Skip to main content

Evoke BC?

Evoke? Evoke what exactly?

Good question. Evoke BC is a group of people dedicated to sharing and exploring new
practices, approaches, and institutions for democratic decision making.

What does that mean? Think of people working together on a board or committee to run a farmer's market. Think of citizen assemblies. Think of community forums or participatory budgeting. Think of a group of neighbours organizing a block party.

Community governance. Community decision-making. Empowered political citizens from all walks of life. Collaborative governance.

Currently, our democratic institutions are centred around: 1) voting, 2) elected representatives. But democracy can happen in so many different ways. The Evoke research effort is focused on exploring and sharing different and alternative democratic practices that can deepen our civic engagement, and improve community decision-making.

Think Peace of Westphalia, Magna Carta, United Nations, colonialism...all of which shaped our communities, and how they are organized, in big ways. What's next? What's the next big shift in how we make decisions about our communities?


Popular posts from this blog

Including rational thought in decision-making: novel idea?

The post last week brought up the idea that we need to think about what concepts and ideas are put forward in the public realm. From pop music to sports to local community events, our approach to decision-making is influenced by commonly understood cultural practices. Meaningful democratic decision-making requires that we think about the practices, ideas, and values that percolate throughout society. More specifically, when it comes to engaging a group of people to get together and go through a democratic decision-making process, practitioners need to think about how participants are being, or have been, educated. By definition, democratic decision-making is not limited to specialists. "Rule by the people" means everyone gets to participate in decision-making, even about issues where we are not experts. This does not mean, however, that democratic decision-making should be approached from a place of ignorance.  Robert Dahl  emphasized the importance of  enlight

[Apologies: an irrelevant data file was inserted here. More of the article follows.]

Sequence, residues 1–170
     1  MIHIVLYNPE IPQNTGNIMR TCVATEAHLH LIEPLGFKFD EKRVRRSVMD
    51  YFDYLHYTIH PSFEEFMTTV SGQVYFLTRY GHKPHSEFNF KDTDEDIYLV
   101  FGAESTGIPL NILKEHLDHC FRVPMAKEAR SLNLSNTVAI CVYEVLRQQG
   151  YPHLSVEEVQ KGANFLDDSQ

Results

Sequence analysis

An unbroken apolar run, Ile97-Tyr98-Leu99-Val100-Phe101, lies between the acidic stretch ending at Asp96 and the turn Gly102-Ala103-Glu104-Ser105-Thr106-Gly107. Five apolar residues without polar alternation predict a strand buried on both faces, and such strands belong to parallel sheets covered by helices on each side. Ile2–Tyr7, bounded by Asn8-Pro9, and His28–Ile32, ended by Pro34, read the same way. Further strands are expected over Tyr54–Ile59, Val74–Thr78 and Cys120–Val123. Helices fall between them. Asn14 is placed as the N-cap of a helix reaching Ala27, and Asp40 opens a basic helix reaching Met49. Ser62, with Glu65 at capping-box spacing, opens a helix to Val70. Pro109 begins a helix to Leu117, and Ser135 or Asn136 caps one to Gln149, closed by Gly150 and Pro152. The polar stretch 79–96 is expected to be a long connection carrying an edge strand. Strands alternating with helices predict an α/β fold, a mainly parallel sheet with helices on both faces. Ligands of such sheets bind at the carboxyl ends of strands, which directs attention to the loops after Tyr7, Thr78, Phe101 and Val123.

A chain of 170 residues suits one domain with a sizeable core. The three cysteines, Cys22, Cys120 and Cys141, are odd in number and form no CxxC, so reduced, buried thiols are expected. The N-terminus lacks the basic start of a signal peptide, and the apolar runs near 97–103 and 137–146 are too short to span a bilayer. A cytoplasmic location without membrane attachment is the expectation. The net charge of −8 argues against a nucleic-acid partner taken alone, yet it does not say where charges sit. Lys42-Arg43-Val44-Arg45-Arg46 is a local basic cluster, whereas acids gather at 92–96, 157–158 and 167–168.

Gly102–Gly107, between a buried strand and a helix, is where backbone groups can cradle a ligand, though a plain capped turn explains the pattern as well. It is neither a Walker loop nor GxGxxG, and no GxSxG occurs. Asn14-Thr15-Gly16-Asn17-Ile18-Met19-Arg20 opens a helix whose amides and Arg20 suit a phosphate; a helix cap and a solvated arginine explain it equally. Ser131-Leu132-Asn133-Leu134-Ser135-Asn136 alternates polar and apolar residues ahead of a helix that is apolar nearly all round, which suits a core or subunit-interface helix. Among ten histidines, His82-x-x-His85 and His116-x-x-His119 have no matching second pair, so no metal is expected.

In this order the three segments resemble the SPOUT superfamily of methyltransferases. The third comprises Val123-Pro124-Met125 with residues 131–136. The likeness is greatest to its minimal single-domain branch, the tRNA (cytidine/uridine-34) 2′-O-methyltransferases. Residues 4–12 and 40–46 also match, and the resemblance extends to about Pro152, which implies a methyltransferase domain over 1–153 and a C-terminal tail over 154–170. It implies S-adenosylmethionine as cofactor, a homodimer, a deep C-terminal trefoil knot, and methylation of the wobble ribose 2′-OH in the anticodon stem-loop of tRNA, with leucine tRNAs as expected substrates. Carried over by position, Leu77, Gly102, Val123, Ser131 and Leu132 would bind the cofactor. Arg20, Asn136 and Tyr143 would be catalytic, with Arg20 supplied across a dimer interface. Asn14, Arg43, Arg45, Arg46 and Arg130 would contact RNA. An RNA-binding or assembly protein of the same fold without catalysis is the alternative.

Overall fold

Why democracy doesn't mean you get your way - Part 2

If you do an online search of the word "democracy", you'll come across references to things like 'majority decision-making' or 'control by a majority'. Majority decision-making, and voting, are often assumed to be key features of a democracy. However: neither voting, nor control by a majority, are necessary for democratic decision-making. This may come as a shock, but there are ways for groups of people to make decisions that do not involve voting. Voting leaves very little room for nuance, for the exploration of alternatives, or for compromise between disparate perspectives. Majority decision-making, for its part, can lead to a tyranny of the majority, the oppression of minority perspectives, the polarization of opinions, and, by definition, a portion of participants whose preferences are ignored. So what's the alternative? If you're part of a group that is empowered to make a decision on some issue (a board, community group, committ

The Problem with Voting

Voting at the polls is a cornerstone of democracy today. When we think about, and understand, democratic participation, we imagine casting some kind of vote for some kind of person or issue in some kind of election. Unfortunately, a focus on voting narrows the possibilities for democratic participation, which is really all about shared decision-making . Don't get me wrong, voting is important. It took us about 2500 years to set up voting as an actual mechanism to make decisions, and even now it's certainly not a widespread practice. The right to vote is a contested aspiration in many corners of the world, and we should support the right of each and every person to an equal voice in community decision making. However, an exclusive focus on voting carries a significant risk. The concept of democracy is an aspiration; an aspiration to share decision-making, and to enable each other, as equals, to participate in decision-making. Decision-making cannot always be achieved with